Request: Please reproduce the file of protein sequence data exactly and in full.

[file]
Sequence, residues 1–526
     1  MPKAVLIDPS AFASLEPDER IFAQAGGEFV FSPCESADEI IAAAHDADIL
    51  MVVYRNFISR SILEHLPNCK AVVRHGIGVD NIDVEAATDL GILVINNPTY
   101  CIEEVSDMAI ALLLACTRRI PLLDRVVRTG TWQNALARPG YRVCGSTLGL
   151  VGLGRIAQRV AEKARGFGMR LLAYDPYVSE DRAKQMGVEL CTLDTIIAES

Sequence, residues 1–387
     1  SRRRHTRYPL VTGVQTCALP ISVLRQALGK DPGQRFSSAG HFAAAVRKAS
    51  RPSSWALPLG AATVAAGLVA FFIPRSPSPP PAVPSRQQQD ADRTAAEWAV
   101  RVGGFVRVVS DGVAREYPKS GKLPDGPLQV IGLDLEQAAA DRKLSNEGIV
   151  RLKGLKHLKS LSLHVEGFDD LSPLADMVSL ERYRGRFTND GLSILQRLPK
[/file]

Sequence, residues 1–526
     1  MPKAVLIDPS AFASLEPDER IFAQAGGEFV FSPCESADEI IAAAHDADIL
    51  MVVYRNFISR SILEHLPNCK AVVRHGIGVD NIDVEAATDL GILVINNPTY
   101  CIEEVSDMAI ALLLACTRRI PLLDRVVRTG TWQNALARPG YRVCGSTLGL
   151  VGLGRIAQRV AEKARGFGMR LLAYDPYVSE DRAKQMGVEL CTLDTIIAES

Sequence, residues 1–387
     1  SRRRHTRYPL VTGVQTCALP ISVLRQALGK DPGQRFSSAG HFAAAVRKAS
    51  RPSSWALPLG AATVAAGLVA FFIPRSPSPP PAVPSRQQQD ADRTAAEWAV
   101  RVGGFVRVVS DGVAREYPKS GKLPDGPLQV IGLDLEQAAA DRKLSNEGIV
   151  RLKGLKHLKS LSLHVEGFDD LSPLADMVSL ERYRGRFTND GLSILQRLPK